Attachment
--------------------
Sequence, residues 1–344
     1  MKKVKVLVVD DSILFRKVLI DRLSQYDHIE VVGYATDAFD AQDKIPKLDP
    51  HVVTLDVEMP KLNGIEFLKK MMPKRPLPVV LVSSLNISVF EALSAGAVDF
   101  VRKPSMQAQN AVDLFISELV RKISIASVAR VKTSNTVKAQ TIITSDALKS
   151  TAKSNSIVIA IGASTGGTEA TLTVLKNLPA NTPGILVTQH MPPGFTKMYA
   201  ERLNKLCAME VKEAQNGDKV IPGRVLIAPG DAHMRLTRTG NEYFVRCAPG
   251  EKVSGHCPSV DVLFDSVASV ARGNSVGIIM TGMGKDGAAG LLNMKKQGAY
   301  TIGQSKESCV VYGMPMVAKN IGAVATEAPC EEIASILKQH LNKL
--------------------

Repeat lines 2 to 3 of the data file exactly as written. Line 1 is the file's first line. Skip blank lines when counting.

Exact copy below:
     1  MKKVKVLVVD DSILFRKVLI DRLSQYDHIE VVGYATDAFD AQDKIPKLDP
    51  HVVTLDVEMP KLNGIEFLKK MMPKRPLPVV LVSSLNISVF EALSAGAVDF